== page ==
Prior to the advent of the internet, work or business was often concluded face-to-face and involved varying levels of eye contact. The parties involved, whether employer/employee or business/external contractor could ascertain to within a reasonable doubt whether or not the other party was who they said they were.

However, in the 21st century, entire workforces can interact purely online and never actually meet in person. And while this offers numerous advantages, it has also invited some disadvantages such as workforce fraud. This is also precisely why PXL Vision has partnered with SAP® Fieldglass.

Which industries in particular face increased workforce fraud?

Thanks to the push for global connectivity, the tendency towards more remote work is no longer limited to a handful of industries. Nowadays, just about every industry that operates even a portion of its business online can easily outsource some of its efforts to external contractors.

The following list of industries, all of which necessitate a high-level of identity clearance, is far from a complete list of the numerous use cases in the online identity verification industry, but it stands to underline the importance of identity verification in the remote workplace.


The construction industry has traditionally involved varying levels of fraud and that is no different today, with the exception that much of the fraud has moved to online channels. Furthermore, with tight timelines, budgets, and a lot of outsourcing to subcontractors, a digital identity verification solution is really the only way to stay on top of who’s who.

Finance & Banking 

Banks heavily rely on external workforces to gain fast and flexible access to the skills they need to stay competitive. Banks must ensure that workers have passed background checks and are who they say they are. Furthermore, it is the banks duty to safeguard customer information, financial data and intellectual property. Digital identity for online finance and banking is also required under most anti-money laundering (AML) initiatives around the world.


Society is on the cusp of a massive shift as the boomer generation is set to retire. Many new workers are entering the insurance industry to work for in-demand positions such as data scientists and IT experts. As in the case for the banking and finance industry, the safeguarding of customer information is a high priority.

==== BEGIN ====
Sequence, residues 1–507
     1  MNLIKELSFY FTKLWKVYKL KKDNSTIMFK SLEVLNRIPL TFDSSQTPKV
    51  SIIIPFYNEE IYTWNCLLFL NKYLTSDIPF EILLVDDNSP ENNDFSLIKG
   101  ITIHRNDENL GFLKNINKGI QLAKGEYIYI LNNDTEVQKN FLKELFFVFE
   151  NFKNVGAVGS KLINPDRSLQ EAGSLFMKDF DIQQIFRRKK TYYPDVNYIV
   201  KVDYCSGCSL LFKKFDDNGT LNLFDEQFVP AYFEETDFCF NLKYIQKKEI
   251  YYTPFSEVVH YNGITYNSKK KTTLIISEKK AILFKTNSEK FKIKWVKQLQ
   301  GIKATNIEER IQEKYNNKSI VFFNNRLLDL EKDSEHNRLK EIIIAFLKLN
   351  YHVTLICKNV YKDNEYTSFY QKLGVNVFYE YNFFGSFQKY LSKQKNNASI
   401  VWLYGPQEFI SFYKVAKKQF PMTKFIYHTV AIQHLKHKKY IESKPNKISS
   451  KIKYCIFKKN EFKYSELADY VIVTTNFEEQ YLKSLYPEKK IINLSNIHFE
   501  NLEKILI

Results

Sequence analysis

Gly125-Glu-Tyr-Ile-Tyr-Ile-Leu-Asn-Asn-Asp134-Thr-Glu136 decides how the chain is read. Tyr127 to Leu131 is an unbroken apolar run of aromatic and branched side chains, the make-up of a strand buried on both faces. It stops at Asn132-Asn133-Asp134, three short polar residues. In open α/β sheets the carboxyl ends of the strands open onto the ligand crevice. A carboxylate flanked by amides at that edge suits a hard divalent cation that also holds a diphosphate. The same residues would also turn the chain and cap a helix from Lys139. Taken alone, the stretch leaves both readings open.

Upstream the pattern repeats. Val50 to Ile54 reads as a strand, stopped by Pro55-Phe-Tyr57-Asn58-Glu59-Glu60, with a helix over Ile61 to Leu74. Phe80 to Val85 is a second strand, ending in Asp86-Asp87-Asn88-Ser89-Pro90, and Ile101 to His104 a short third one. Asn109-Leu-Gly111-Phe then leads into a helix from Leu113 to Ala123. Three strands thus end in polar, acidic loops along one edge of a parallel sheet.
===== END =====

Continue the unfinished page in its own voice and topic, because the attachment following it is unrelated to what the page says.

The telecommunication industry is a highly-regulated sector for both the network provider and the network’s users. Communication is a matter of national security and is therefore important that the identities of all those working in the industry are verified.


The rail industry is a massive employer for all countries that maintain an extensive network. There are ebbs and flows to the labour needs as well; for example, in the U.S. and Canada during the harvest season. It is important to be able to legally identify this often very remote-based contract labour in a safe and secure way.

Aerospace & Defence

Aerospace and defence are by their very nature critical employers that require a perfect oversight of the people working in the industry.


Much like the railway and telecommunication sectors, utilities such as electricity and water suppliers as well as other related organizations behind public-service infrastructure, require high levels of security. These companies need to know who is working for them and when.

Oil, Gas & Chemical

These are especially volatile industries. A fraudulent worker with terrorist motivations could wreak havoc on a population centre that is located next to a facility dealing in these compounds. If you remotely hire your employees or contractors to later work onsite at one of your oil & gas facilities, you need to know who they are. Furthermore, the infrastructure behind the fossil fuel industry consists of very expensive precision tools and machinery which requires specialist contractors to run.

Other non-work related use cases for online identity verification

As mentioned, there are many other non-workforce-fraud related use cases for online identity verification. For example: online marketplaces are rife with bad actors who take your money and send you nothing in return. Likewise, online gambling sites have long been a compliance and legal free-for-all but many countries are now requiring strict KYC/AML laws in order to continue operations.

The sharing economy in general has faced many issues of fraud. For example, Airbnb has had issues with identity fraud and people misusing the platform in a variety of ways. Other room-booking websites take note! 

Online dating is also on the rise and is an area where you would want to ensure that the people you are flirting with are who they say they are before you decide to meet them or let them into your home.

Telecommunications, which is covered in the workforce fraud section but also here in that users might want to and at times have to use identity verification controls to log into their smartphone or begin a contract.

Financial services such as online payments and online access to bank accounts requires secure, identity based logins. Also, many fintech companies do not have any brick-and-mortar establishments to visit and all business is done through an app or a website.

How PXL Vision makes global connectivity securer

PXL Vision can help your business secure its operations by verifying the identity of all who participate in your online ecosystem whether it be for hiring remote workers, ecommerce or for participating in the sharing economy. PXL Vision even offers a standalone Plug and Play version named Daego® which stands for digital alter ego, which allows you to immediately use our solution . PXL Vision’s ID platform is furthermore partnered with SAP® Fieldglass, which adds the extra utility of an identity verification solution built into SAP’s vendor management system.